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Conditions & Treatments

Achilles Tendon Repair

The Achilles tendon is the most commonly ruptured tendon in the body, and Achilles tendon ruptures are on the rise among middle-aged and older adults who play recreations sports. There are two treatment options: surgery and nonsurgical management with immobilization. The goal of treatment is to restore structural integrity to the tendon to permit the patient to return to the active life they enjoy.

The choice of treatment will depend on your age, health, and activity level, as well as the severity of the tear, and other factors. Your OANC surgeon will discuss with you the options available, the risks and benefits of each option, and help you make the best choice for you.
However, surgical intervention may not be recommended for patients whose wound healing capabilities are of concern, including diabetics, smokers, and obese men older than 65, who are sedentary.

The benefits and risks of surgical repair vs. nonsurgical treatment

Achilles tendon tears have the ability to heal on their own, but there is a risk that the tendon may be stretched and heal in the stretched position which would make certain functions like running and jumping challenging. For this reason, young and active patients often choose surgery; and older adults may choose surgery to accelerate their return to sports they enjoy, and work.

According to recent research1, people who choose surgery are less likely to suffer a subsequent tendon rupture than those who choose nonsurgical management. Additionally, Achilles tendon ruptures can lead to significant loss of strength and endurance, and the injury can produce ongoing problems if not surgically repaired.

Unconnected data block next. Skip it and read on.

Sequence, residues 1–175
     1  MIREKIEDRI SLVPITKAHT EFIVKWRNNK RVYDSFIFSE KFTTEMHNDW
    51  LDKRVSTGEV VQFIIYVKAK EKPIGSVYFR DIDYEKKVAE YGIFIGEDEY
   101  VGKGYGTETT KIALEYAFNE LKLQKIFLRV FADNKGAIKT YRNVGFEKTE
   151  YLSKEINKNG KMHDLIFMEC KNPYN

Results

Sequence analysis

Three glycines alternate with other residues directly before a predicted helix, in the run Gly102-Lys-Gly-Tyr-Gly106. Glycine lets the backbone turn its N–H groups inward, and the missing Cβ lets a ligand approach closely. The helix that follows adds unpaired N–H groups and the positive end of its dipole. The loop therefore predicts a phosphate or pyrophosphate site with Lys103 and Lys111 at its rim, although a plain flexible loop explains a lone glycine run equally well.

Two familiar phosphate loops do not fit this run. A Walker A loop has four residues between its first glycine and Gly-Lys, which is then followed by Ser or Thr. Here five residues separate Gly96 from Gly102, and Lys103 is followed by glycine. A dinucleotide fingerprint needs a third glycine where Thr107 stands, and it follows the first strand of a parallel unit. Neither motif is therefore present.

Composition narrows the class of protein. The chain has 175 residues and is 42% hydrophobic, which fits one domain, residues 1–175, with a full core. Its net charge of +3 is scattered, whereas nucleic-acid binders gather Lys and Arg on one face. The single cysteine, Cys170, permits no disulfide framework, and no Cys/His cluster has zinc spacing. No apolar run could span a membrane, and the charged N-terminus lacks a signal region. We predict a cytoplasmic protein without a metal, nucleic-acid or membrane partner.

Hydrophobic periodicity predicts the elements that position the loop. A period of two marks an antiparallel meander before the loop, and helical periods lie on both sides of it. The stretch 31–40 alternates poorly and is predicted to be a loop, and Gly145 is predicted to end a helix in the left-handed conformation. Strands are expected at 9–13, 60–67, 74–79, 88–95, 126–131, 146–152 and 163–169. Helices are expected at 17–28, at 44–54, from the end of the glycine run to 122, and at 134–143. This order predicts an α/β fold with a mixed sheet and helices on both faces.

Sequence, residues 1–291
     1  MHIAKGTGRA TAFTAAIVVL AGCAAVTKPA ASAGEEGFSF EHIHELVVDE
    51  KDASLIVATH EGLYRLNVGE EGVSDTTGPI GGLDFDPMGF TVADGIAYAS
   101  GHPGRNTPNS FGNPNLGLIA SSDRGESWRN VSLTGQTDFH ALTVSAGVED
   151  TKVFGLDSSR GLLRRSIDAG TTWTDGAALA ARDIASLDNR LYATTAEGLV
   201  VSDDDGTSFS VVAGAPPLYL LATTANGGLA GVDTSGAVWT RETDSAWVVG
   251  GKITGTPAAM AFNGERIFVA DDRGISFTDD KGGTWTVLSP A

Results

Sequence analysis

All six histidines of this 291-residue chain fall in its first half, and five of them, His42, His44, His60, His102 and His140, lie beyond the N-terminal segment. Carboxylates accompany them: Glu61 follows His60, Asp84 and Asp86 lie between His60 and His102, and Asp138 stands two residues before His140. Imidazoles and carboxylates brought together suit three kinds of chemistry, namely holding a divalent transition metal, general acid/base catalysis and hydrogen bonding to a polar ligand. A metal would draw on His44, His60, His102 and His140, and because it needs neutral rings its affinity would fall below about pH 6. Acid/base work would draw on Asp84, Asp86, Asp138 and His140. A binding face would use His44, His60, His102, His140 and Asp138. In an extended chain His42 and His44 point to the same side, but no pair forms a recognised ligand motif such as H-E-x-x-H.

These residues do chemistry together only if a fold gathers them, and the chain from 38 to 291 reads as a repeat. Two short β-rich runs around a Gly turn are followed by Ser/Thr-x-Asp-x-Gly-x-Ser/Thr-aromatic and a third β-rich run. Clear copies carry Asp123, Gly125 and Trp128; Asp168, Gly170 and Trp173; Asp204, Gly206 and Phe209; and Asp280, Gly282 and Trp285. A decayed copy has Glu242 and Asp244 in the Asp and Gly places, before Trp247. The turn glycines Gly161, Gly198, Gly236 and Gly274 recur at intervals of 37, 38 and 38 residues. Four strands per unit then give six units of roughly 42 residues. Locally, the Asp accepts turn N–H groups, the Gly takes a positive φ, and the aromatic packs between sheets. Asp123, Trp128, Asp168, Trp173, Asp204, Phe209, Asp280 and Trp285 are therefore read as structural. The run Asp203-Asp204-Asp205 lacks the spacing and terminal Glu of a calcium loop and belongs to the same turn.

However, surgery has its own risks involved with all surgeries including infection, complications and anesthesia. Nonsurgical treatment may be preferred by patients who are less active, but they will need close monitoring to ensure the healing proceeds without stretching the tendon.

Nonsurgical treatment

Nonsurgical treatment can be as effective as surgery for partial tears. This may involve a cast immobilization or functional bracing and early functional rehabilitation worn for 6 weeks while your tendon grows back.

Surgical repair

A complete tear, the tendon is torn in two pieces, usually requires surgery to repair the tendon. Before surgery you will need to wear a boot to prevent movement of the lower leg and foot

Surgical management can be accomplished with an open, mini or a minimally invasive surgical procedure. Studies report that the minimally invasive approach may be superior to other surgical approaches. However, the choice of surgical procedure will be determined by discussion with our OANC orthopedic surgeon.

Functional deficits including decreased strength and other impairments are common in people with ATR who are treated surgically and nonsurgical. Therefore, you OANC surgeon will order accelerated postoperative functional mobilization because it results in better general health and vitality at 6 months.

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